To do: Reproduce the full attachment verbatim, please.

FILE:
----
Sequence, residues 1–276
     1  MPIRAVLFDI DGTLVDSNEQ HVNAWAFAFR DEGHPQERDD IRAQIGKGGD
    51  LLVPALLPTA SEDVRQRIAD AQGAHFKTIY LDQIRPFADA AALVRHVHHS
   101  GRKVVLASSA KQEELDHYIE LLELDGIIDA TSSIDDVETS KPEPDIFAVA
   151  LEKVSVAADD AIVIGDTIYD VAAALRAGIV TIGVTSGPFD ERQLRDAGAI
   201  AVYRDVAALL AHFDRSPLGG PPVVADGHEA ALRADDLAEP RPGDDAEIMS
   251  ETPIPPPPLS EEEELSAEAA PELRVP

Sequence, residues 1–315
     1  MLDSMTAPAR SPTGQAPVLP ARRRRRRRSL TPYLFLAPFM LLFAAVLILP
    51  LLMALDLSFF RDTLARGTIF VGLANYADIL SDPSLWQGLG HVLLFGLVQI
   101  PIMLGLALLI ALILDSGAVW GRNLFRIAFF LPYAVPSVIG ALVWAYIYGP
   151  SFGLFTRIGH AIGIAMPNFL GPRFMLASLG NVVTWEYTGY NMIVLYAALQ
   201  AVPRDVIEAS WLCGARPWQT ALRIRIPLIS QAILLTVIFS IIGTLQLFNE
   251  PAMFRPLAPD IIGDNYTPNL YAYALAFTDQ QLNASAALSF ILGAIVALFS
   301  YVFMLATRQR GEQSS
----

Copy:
Sequence, residues 1–276
     1  MPIRAVLFDI DGTLVDSNEQ HVNAWAFAFR DEGHPQERDD IRAQIGKGGD
    51  LLVPALLPTA SEDVRQRIAD AQGAHFKTIY LDQIRPFADA AALVRHVHHS
   101  GRKVVLASSA KQEELDHYIE LLELDGIIDA TSSIDDVETS KPEPDIFAVA
   151  LEKVSVAADD AIVIGDTIYD VAAALRAGIV TIGVTSGPFD ERQLRDAGAI
   201  AVYRDVAALL AHFDRSPLGG PPVVADGHEA ALRADDLAEP RPGDDAEIMS
   251  ETPIPPPPLS EEEELSAEAA PELRVP

Sequence, residues 1–315
     1  MLDSMTAPAR SPTGQAPVLP ARRRRRRRSL TPYLFLAPFM LLFAAVLILP
    51  LLMALDLSFF RDTLARGTIF VGLANYADIL SDPSLWQGLG HVLLFGLVQI
   101  PIMLGLALLI ALILDSGAVW GRNLFRIAFF LPYAVPSVIG ALVWAYIYGP
   151  SFGLFTRIGH AIGIAMPNFL GPRFMLASLG NVVTWEYTGY NMIVLYAALQ
   201  AVPRDVIEAS WLCGARPWQT ALRIRIPLIS QAILLTVIFS IIGTLQLFNE
   251  PAMFRPLAPD IIGDNYTPNL YAYALAFTDQ QLNASAALSF ILGAIVALFS
   301  YVFMLATRQR GEQSS